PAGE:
TORONTO – Spanish actor Javier Bardem said that he does not regret any of the roles he has played throughout his career, although he admits some of the films have been subpar and that concerns about the future are a constant source of anxiety in his profession.
The 48-year-old actor was a cast member in two very different pictures being screened at the Sept. 7-17 Toronto International Film Festival: “Loving Pablo,” Spanish director Fernando Leon de Aranoa’s movie about notorious Colombian drug lord Pablo Escobar; and “Mother!” a horror film directed by Darren Aronofsky in which Bardem plays a recognition-obsessed writer.
Asked about his film-selection process, Bardem said he had always remained faithful to his criteria.
“For better or worse, eh! I’ve never regretted doing a film. I’ve done films or jobs that didn’t turn out perfectly,” he said.
Despite the success the Oscar-winning actor (for the 2007 Coen brothers’ film “No Country for Old Men”) has achieved both in Spain and abroad, he also acknowledged worries about what lies ahead.
“I’m concerned about whether there’ll be work. I’m not at a level of anxiety where I say, ‘bloody hell! I have no work.’ Not at all, but there’s enough where I say, ‘and after (this) what’s next?’ because this profession of ours is like that.”
Speaking of “Loving Pablo,” Bardem said he greatly enjoyed the film and knew that working with his wife, Penelope Cruz, who plays Escobar’s lover, would involve a “very intense relationship.”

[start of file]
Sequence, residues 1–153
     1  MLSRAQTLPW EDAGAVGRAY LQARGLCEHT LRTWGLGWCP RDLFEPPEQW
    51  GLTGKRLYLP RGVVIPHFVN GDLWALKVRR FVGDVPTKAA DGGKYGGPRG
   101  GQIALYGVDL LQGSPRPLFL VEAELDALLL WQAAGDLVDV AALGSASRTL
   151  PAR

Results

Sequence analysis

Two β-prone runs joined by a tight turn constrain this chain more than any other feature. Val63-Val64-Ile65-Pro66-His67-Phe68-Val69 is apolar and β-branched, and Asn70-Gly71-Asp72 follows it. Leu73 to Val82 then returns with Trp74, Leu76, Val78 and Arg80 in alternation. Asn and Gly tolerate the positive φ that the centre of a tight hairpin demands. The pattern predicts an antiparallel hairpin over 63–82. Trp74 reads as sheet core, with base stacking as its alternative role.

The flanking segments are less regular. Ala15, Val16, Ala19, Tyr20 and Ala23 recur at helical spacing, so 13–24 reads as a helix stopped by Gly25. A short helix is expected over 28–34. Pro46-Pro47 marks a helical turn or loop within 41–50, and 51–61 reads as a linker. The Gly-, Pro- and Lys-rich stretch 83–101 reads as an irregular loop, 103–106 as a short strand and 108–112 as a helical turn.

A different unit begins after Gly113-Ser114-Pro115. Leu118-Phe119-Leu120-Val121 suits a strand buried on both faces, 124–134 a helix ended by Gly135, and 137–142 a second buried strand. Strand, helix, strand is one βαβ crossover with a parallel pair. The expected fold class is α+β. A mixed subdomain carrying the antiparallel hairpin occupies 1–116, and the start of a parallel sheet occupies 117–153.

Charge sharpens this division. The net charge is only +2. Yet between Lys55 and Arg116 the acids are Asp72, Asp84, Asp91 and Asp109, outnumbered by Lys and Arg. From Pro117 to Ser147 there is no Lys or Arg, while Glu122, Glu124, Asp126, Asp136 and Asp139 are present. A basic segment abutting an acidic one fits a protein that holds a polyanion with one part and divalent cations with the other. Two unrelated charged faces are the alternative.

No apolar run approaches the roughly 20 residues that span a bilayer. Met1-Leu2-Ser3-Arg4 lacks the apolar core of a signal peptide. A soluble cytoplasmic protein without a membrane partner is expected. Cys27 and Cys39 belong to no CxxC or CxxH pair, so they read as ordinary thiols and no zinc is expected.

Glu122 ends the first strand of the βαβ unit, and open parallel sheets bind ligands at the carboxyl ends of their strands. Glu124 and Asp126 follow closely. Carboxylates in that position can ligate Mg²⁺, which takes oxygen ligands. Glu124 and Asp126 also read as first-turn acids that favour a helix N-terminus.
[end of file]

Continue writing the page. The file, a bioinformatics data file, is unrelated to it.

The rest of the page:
“The truth is it was a really enjoyable, really nice process ... Penelope and I grew. We humbly went one step further in the right direction, because this project allowed us to delve deeper into our imaginations, into the creation of something beyond ourselves,” he said.
Referring to “Mother!” Bardem said he had given his all for Aronofsky.
Speaking of that horror film set at a remote country home, the actor said it had been “a daring cinematic exercise.”
And we all knew it and supported it. Tirelessly. We gave our all because ... Darren is a demanding, demanding director. He’s calm, unassuming, warm-hearted, intelligent, generous. And that’s why you give your all for him,” he added.
But Bardem said his role had been a challenging one because he does not share his character’s strong need for public recognition.
“I was able to understand or imagine that hunger for recognition. I could understand it and I could imagine it without judging it. Like (Spanish actress) Victoria Abril said very well, we’re our characters’ defense attorneys ... if not it would be impossible to portray them,” he said.